It’s called a dirt track, but the racing surface at the Iowa State Fairgrounds on Thursday, afternoon August 27, 1970, was more like a rough combination of concrete and glass. The super stock drivers found the “dry slick” that was formed under a bright sun and temperatures in the high 90’s lead one direction - into the fence at the top edge of the track.

Many of the drivers, used to running the high-banked oval at night, appeared to have trouble adapting to the track and its condition. With the smaller degree of bank in the turns, and the sun making a tacky surface impossible, cars started hitting the fence and each other during hot laps, and continued throughout the afternoon.

In the third heat it took five tries to get the first lap completed, and the race was halted several times during the latter part due to more accidents. The consolation also took nearly a half-hour to complete, as spin-outs and accidents brought out the yellow flag.

Mark Mosier

Mark Mosier, who had see his hopes of winning the ’69 State Championship fade in the last few laps, overcame the difficulties of the racing surface to win the 25-lap event. Like Mel Morris did to him the year before, Mosier stayed glued to race leader Gene Schattschneider’s bumper throughout the contest and when “Schattsy’s” right rear tire shredded on lap 22, Mosier slipped by for the lead, where he fought off Joel Rasmussen the remaining three laps to take the victory.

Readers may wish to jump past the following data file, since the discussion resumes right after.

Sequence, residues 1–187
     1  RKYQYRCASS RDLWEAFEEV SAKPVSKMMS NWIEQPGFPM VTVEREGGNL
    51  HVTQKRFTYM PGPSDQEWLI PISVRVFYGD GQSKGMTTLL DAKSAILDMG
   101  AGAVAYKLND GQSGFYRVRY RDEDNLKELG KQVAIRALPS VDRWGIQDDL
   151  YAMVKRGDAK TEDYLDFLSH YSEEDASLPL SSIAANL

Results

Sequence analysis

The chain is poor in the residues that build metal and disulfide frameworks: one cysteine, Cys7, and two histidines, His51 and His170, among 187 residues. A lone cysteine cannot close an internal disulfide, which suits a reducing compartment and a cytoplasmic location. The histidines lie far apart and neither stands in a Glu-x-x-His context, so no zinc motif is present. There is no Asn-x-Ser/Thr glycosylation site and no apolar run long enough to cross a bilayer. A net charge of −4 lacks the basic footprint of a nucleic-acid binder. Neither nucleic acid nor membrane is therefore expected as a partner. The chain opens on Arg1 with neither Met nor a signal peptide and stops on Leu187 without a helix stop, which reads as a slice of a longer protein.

Rasmussen would settle for his second straight runner-up finish in the race with John Moss taking third, Butch Householder grabbing fourth and Ron Hemsted of Washington taking fifth. Mosier, Jim Havill of LeClaire, Rasmussen, and Don Hoffman of Des Moines were heat winners while Phil Reece of Des Moines topped the consolation field.

No one would come close to Dan Dickey of Packwood in a game of follow the leader on Thursday afternoon, August 26, 1971.

The 21-year-old driver had no trouble pulling away from the rest of the field in his 1969 Dodge Charger to take the $500 first-place money, trophy and title of Iowa State Super Stock Champion after dominating the 25-lap feature event.

Driving on both central and southeastern Iowa tracks, the youthful chauffer had been no stranger to the winner’s circle. He was the point’s leader at Eldon, having won four features in a row. He had won features at Des Moines, Knoxville and Oskaloosa during the ’71 season.

Once again, the August weather came into factor with the racing surface. Despite several waterings, the track baked under the hot sun and warm breeze, turning to a dusty, hard surface which made passing extremely difficult. There were several instances when cars moved up three or four places just through the attrition of cars ahead of them. There were numerous spinouts and minor accidents as the cars fought for traction.

The battle for second, third, and fourth places was the main action in the feature, taking place far behind Dickey. Ken Davidson of Des Moines ran a steady second, but had a constant challenge from Denny Hovinga of Laurens and Red Dralle of Evansdale.

Dralle did more passing in the race than anyone else would all afternoon long. He would scoot by Hovinga for third, make a move on Davidson, and then run into control problems on the dry track and slide back to fourth. Late in the race Ron Hemsted made a strong bid for fourth, finishing neck and neck with Dralle as the checkers waved. The finish was so close in fact; the track announcer would not announce the results until the official scorers had made the decision.

Ken Davidson, Del Stokke of Ames, Dickey, and George Barton of Ankeny earned heat wins and Phil Reece was the victor in the consolation race.

After seeing his chances of winning the 1968 race slip away on the last lap and despite putting together some good runs in others, John Moss had yet to see victory lane in the Iowa State Super Stock Championships and it frustrated the usually good natured driver.